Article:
Parasites play a vital role in a healthy ecosystem, yet modern conservation techniques often do more harm than good. We propose a solution.


The modern wave of species losses that scientists have dubbed the sixth mass extinction threatens to unravel complex ecosystems, irrevocably alter our biodiversity, and endanger the survival of humanity.

From the largest elephants to the smallest fleas, tens of thousands of species are now hurtling toward extinction.

Among the most vital of these, believe it or not, are parasites.

Although parasites are small and sometimes maligned, they’re incredibly important. A healthy parasite community is an indication of a healthy, balanced ecosystem, and many species play key roles in keeping their native habitats functioning properly. Some roundworms mediate competition between host species to help maintain higher levels of biodiversity. Certain tapeworms bioaccumulate toxic pollutants, such as heavy metals, and in doing so protect their hosts and wider ecosystems from harmful effects. New pharmaceuticals are even being developed from the saliva of ticks.

Clearly parasites have benefits to both humanity and nature, and their loss could have serious consequences.

But the first step in halting the global extinction crisis is determining which species are declining, and this can be tricky. The IUCN, which manages the Red List of Threatened Species, has established methodologies to determine a species’ conservation status, but this system works badly for parasites, largely because it wasn’t developed with invertebrates in mind.

One example is population size. Take a rare bird species that only has 500 individuals left, and a pinworm species that lives on those birds that consists of 10,000 individuals. Based on those numbers alone, the bird species would probably be viewed as more threatened. However, if those 10,000 pinworms only occurred in five of the 500 birds, then the pinworms would likely be much more vulnerable to extinction because the loss of that handful of birds could wipe them out.

Stelis subemarginata
Stelis subemarginata, a rare bee species and a nest parasite of the bee genus Osmia. Photo by Brooke Alexander/USGS

Another challenge of conserving parasites is that, due to their small size and high species diversity, they often need to be killed to be identified and monitored. Obviously, killing a declining species to monitor it isn’t an ideal conservation strategy.

As a parasitologist focusing on rare, threatened and potentially extinct parasite species, I’ve often been struck by these problems, especially the need to kill a parasite population. And, like others, I wondered if there was a solution.

My colleagues Allen C.G. Heath and Pedro Cardoso and I have now provided a solution to the problem of viably assessing and conserving parasites, which we’ve presented in our new study in the journal Biological Conservation.

Our framework — which we call the Conservation Assessment Methodology for Animal Parasites (CAMAP) — starts by acknowledging the potential for host-specific parasites to become co-endangered, or even go extinct, when their hosts decline.

After that it outlines seven key criteria scientists can use to determine whether a parasite species should be considered threatened, endangered or critically endangered. These include geographic range, the number of infected hosts, the decline of host species, the rate of decline, and the conservation status of host species.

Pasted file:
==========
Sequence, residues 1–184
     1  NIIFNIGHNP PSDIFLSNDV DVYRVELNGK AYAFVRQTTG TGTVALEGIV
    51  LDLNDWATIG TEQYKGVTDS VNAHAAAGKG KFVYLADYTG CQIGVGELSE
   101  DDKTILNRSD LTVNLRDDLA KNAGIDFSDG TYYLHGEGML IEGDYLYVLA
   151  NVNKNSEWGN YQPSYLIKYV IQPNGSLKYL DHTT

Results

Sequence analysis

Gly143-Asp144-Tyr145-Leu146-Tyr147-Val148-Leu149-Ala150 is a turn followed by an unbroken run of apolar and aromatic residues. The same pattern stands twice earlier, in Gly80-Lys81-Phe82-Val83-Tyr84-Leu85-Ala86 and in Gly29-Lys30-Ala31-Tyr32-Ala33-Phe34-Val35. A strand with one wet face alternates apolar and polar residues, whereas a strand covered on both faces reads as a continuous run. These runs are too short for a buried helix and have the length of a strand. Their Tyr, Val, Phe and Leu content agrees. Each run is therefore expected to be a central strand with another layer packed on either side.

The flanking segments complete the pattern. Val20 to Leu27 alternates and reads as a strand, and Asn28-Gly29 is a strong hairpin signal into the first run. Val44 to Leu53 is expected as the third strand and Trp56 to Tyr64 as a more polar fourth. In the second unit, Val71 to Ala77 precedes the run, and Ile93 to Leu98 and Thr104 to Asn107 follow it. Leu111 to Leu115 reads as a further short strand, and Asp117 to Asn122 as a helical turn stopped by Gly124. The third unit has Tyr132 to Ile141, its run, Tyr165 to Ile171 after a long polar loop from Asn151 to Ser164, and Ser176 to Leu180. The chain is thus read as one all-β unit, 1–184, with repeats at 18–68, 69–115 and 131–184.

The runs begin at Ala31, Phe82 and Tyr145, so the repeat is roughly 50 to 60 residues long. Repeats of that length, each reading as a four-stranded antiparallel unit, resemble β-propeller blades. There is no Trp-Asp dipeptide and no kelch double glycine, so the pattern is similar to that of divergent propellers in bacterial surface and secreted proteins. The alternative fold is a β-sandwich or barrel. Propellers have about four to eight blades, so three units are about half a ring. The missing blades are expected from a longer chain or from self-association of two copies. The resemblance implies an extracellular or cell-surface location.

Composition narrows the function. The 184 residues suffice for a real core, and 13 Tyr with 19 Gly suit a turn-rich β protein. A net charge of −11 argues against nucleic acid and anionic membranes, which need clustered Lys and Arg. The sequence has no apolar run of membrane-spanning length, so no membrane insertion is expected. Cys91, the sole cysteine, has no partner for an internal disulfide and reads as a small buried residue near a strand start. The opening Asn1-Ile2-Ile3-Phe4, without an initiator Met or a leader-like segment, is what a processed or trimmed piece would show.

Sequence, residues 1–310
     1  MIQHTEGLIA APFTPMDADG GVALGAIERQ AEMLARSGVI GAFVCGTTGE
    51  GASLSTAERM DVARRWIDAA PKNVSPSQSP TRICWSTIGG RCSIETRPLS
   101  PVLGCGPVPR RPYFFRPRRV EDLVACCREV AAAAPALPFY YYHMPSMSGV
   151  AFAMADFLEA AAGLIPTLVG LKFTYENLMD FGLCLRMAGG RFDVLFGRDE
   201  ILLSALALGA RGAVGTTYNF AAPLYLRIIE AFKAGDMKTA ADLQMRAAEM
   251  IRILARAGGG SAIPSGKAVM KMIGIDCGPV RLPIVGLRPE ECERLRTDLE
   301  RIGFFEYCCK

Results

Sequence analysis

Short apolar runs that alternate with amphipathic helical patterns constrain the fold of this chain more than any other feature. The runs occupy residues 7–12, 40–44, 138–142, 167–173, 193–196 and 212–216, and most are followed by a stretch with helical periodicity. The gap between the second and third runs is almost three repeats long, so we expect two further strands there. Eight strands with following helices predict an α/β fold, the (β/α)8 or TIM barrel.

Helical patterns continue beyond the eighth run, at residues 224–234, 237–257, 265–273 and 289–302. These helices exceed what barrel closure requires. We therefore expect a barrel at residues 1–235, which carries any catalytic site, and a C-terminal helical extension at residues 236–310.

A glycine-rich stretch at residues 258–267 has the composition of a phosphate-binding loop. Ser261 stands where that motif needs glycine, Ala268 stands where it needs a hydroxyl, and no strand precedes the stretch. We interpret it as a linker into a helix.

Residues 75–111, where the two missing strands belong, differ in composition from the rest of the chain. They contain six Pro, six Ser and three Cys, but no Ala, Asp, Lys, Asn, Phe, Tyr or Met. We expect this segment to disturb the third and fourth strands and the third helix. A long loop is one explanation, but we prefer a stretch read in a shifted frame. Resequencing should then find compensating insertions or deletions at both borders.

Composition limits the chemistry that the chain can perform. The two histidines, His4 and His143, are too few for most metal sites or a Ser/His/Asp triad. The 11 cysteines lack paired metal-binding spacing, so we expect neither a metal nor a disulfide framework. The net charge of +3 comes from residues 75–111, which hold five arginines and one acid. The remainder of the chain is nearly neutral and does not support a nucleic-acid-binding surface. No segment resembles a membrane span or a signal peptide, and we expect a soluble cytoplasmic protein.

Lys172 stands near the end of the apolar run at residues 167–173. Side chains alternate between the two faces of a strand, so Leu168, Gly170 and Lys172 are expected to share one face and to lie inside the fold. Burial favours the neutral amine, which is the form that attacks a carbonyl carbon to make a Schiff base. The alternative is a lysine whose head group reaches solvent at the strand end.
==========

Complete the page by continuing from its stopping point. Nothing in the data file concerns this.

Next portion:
Our model also establishes goals conservationists can use to collect the most important information to determine a species’ conservation status and outlines what they can do if that data is not yet available.

Most importantly, this framework allows conservationists to less obtrusively survey parasite populations without wiping them out completely. Now, instead of having to try and collect, kill and identify as many parasites as possible to work out what’s going on with the population, we can instead sample a designated subset of the host population to address a parasite’s conservation needs.

And those needs are stronger than ever. In recent times we’ve lost a range of parasites, from fleas to flukes, to factors as varied as invasive species and our growing appetite for seafood. Some, such as the New England medicinal leech, have been lost for now and may yet be found and saved. And some, such as the Manx shearwater flea and Heath’s tick, are certainly still with us and urgently need conservation action.

heath's tick
Heath’s tick. Photo credit: Mackenzie L. Kwak

Every extinction, including the loss of a parasite, is a species lost that we will never get back. With each extinction the carefully balanced tower of species that makes up our biome becomes more unstable and at risk of collapse. Yet until now conservationists have lacked the tools to assess Earth’s diverse parasite fauna and save it. Our model may finally provide the necessary mechanism to do so — and perhaps avert further extinctions before more of these vital, often ignored species vanish from the ecosystems that depend on them.

The authors have also made the paper detailing their framework available for download through ResearchGate.

The opinions expressed above are those of the authors and do not necessarily reflect those of The Revelator, the Center for Biological Diversity or their employees.

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Previously in The Revelator:

Why We Should Care About Parasites — and Their Extinction

Mackenzie L. Kwak

is a parasitologist with a research focus on conservation biology, community diversity, and species discovery. He studied at the University of Melbourne before moving abroad to join the National University of Singapore where his work revolves around discovering new parasite species, developing assessment and conservation programs for co-endangered parasites, and studying human-animal-parasite ecology and disease.